We checked in with our source close to Motorola, and the first thing we found out was that, the newly outed RAZR Ultra devices
headed for Verizon are real, and are the same devices we mentioned in an earlier story about the Motorola pipeline
. In that same story, we mentioned that there was a third device in the pipeline after the Moto X (then known as the X Phone), and we finally have some more info on that device. It is codenamed the DVX, and it may be Google's device aimed at emerging markets.
Our source doesn't have a lot of information about the DVX, but does know that it is planned for release late this year, and would be ultra low-cost with the aim of it being a viable option for those in the world who don't have or can't afford smartphones
that are on the market already. Motorola CEO Dennis Woodside did make a point when he first confirmed the existence of the Moto X
that his vision for Motorola would be to follow the Nexus model and provide high-quality, low-cost devices, and this device should fit that bill.
Back when Google first announced its intentions to purchase Motorola, we speculated that a very "Googley
" thing to do with its new purchase would be to build a device that would be ultra-low cost and aimed at emerging markets. As we mentioned at the time, Google has always been focused on bringing people to the internet, because of course, more people on the web means more ad revenue for the Google machine.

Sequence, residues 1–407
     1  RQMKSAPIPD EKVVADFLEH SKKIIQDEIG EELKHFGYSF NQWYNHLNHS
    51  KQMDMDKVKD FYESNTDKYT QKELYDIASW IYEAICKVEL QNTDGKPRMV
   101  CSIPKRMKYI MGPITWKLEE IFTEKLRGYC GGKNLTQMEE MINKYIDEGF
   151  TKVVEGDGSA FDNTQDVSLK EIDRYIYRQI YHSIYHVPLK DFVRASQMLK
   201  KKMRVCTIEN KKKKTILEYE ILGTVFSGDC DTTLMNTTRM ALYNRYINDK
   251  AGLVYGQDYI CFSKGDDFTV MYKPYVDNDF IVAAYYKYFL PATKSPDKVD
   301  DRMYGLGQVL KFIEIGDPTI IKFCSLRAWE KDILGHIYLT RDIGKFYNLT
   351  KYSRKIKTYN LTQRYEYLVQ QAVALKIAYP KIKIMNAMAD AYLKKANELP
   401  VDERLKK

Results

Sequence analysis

With that effort in mind, Google has done a lot to try to bring more and more people to the web, while also making its services more feature phone friendly. Google has already invested in the company O3b (the Other 3 billion), which plans to bring affordable high-speed Internet to emerging markets via satellites that it will be launching this year. And recently, we heard about the Google X project called Loon
, which is aiming to bring WiFi connectivity to rural areas via balloons. There has also been Google's Fiber initiative to bring more populated areas to much faster internet access.
The reasoning follows that once the infrastructure is there for mobile connectivity, the key is ultra-low cost devices; and, that's where the Motorola DVX would come in. The idea could be that Motorola would look to sell the device at very low profit margins or even at cost, much like the Nexus line of devices. This way, Motorola would be able to undercut the competition and get a jumpstart on the approximately 4 billion people around the world who don't yet have a smartphone, because the buy-in cost is too high.
We do know for sure that Motorola is working on a device codenamed the DVX that will be aimed at those who don't have or can't afford a smartphone. So, while a lot of this could fall under the heading of "speculation", we'd prefer to label it an "educated guess".